2.      Are there harms to male-biased language?

Maybe male-biased language is simply the by-product of archaic thinking which has no bearing on society today? Maybe not.

In the legal world, it has been found that writing legislation in gender-neutral language actually produces clearer and less ambiguous legislation which actually benefits both genders. Furthermore, a 1992 study by Hamilton, Hunter and Sharon found that if the pronoun ‘he’ is used in a text describing self-defence, the jury are far more likely to find the female defendant of being guilty of murder rather than acting in self-defence. This shows that gendered language can have real impacts on individual’s lives, and in this case, prison sentences.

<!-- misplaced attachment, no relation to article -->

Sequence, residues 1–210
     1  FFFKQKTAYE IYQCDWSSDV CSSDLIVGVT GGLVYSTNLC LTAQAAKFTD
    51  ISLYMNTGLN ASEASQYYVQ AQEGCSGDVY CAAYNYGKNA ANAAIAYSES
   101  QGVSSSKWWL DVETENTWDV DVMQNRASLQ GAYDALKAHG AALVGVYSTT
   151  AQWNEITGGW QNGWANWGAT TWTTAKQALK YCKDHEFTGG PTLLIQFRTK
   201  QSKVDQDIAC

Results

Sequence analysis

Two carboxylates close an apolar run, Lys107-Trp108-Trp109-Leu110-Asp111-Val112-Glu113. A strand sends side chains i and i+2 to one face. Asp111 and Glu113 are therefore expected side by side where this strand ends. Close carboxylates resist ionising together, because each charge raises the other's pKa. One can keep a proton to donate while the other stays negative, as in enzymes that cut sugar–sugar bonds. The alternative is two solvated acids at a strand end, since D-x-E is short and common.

Politically, when an existing political candidate uses derogatory or sexist language, it leads to less women standing for political office in the future as they feel isolated and unqualified to enter the political arena. If this is true of a candidate, I suspect it could be amplified when the candidate wins the highest office in the land. Therefore, the ripples of one candidate can continue long after them and not only effect female political involvement, but legitimise more fringe and extremist views, moving further away from civility in politics. This style of language, and indeed, the various allegations of inappropriate sexual advances, only perpetuate the view that Westminster is an old boys’ club, reinforcing existing power inequalities.